The school has twelve rooms, and three of them are not used.

The school has twelve rooms, _________ are not used.


Two useful adjective clause devices

The school has twelve rooms, and three of them are not used.

The school has twelve rooms, three of whichare not used.


Two useful adjective clause devices

Ralph brought his parents, and I had met neither of them before.

Ralph brought his parents, _________ I had met before.


Two useful adjective clause devices

Ralph brought his parents, and I had met neither of them before.

Ralph brought his parents, neither of whom I had met before.


Two useful adjective clause devices

In a similar type of adjective clause, a noun precedes the words of which; for example, the price of which, the result of which, the purpose of which.

There are many wordsthe meanings of which have changed.

What noun precedes of which?


Two useful adjective clause devices

In a similar type of adjective clause, a noun precedes the words of which; for example, the price of which, the result of which, the purpose of which.

There are many wordsthe meanings of which have changed.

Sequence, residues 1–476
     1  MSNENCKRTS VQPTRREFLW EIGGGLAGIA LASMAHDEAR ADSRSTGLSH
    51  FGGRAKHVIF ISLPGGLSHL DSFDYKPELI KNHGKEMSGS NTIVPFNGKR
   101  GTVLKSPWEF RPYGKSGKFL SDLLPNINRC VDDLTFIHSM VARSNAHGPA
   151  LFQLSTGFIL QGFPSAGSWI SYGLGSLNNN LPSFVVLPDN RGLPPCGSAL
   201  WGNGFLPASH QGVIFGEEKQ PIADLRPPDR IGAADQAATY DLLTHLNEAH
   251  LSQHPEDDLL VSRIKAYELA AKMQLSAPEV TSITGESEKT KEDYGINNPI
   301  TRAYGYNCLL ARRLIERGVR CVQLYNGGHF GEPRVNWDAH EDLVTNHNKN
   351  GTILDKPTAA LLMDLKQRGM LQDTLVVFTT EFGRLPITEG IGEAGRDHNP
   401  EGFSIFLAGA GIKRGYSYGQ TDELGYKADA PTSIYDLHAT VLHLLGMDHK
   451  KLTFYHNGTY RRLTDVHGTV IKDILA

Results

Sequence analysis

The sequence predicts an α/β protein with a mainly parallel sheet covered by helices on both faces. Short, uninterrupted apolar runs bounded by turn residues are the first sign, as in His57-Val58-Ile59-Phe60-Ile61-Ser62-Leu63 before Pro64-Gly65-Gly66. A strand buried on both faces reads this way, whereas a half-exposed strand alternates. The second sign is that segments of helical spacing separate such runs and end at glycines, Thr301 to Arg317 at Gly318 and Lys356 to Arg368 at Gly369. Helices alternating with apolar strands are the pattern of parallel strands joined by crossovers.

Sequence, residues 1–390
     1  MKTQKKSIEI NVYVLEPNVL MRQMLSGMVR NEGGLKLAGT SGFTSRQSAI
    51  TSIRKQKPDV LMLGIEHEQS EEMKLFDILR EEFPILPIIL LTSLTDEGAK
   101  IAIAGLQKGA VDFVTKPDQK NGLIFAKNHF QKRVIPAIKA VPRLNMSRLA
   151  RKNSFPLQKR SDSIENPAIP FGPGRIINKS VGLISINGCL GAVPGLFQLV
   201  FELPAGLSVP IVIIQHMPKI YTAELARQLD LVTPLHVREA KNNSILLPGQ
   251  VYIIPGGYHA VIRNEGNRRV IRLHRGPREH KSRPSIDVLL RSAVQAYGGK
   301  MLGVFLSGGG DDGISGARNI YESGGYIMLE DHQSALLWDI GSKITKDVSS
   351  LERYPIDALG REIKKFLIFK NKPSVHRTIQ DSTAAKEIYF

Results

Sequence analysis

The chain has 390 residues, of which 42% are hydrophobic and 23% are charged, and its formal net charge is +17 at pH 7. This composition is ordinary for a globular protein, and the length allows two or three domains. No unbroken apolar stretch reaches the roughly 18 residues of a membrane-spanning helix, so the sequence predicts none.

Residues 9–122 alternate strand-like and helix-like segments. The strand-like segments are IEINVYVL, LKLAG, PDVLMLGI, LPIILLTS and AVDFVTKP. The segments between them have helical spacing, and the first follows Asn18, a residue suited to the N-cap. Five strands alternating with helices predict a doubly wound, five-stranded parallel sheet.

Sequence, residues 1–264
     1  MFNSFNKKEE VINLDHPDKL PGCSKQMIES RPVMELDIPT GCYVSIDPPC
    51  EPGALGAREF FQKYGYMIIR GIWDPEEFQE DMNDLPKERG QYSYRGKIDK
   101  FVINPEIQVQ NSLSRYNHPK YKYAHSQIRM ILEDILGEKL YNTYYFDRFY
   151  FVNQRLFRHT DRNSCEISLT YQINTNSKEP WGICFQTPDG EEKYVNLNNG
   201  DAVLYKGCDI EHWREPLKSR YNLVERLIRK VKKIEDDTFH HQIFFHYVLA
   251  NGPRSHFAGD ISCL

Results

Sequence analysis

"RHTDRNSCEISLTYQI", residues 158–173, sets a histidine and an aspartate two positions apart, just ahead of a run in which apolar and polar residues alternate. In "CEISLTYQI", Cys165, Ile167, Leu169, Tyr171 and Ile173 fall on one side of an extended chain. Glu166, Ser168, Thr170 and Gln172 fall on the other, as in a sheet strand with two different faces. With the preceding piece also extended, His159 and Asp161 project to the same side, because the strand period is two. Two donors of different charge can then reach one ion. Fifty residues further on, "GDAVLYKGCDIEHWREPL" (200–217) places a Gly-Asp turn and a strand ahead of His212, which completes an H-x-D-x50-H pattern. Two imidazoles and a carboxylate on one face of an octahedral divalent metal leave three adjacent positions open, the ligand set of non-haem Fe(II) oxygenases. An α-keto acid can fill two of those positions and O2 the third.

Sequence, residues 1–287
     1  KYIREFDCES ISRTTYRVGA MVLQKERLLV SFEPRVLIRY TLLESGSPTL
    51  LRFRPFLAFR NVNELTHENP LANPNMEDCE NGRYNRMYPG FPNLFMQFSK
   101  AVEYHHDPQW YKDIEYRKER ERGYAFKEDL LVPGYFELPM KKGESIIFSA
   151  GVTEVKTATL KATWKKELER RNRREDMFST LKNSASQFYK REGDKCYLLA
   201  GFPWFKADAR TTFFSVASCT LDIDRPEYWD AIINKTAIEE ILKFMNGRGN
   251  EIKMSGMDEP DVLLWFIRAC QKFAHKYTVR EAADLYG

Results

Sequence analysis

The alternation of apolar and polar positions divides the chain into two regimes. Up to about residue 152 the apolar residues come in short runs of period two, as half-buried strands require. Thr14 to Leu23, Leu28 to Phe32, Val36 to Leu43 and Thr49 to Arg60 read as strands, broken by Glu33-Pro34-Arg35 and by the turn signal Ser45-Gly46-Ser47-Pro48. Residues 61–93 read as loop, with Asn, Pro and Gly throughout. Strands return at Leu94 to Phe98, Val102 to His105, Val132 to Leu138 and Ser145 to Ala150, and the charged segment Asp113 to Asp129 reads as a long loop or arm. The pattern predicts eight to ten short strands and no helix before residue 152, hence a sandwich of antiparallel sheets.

What noun precedes of which?

meanings


Two useful adjective clause devices

Mr. Kerr bought several stocks the value of which is very doubtful.

What noun precedes of which?


Two useful adjective clause devices

Mr. Kerr bought several stocks the value of which is very doubtful.

What noun precedes of which?

value


Two useful adjective clause devices

Ordinarily, the relative pronoun whose provides a smoother sentence than of which and requires fewer words.

  • I read a novel the ending of which is disappointing.

  • I read a novel whose ending is disappointing.

    Sentence b is ______ words shorter than sentence a.

    (How many?)


Two useful adjective clause devices

Ordinarily, the relative pronoun whose provides a smoother sentence than of which and requires fewer words.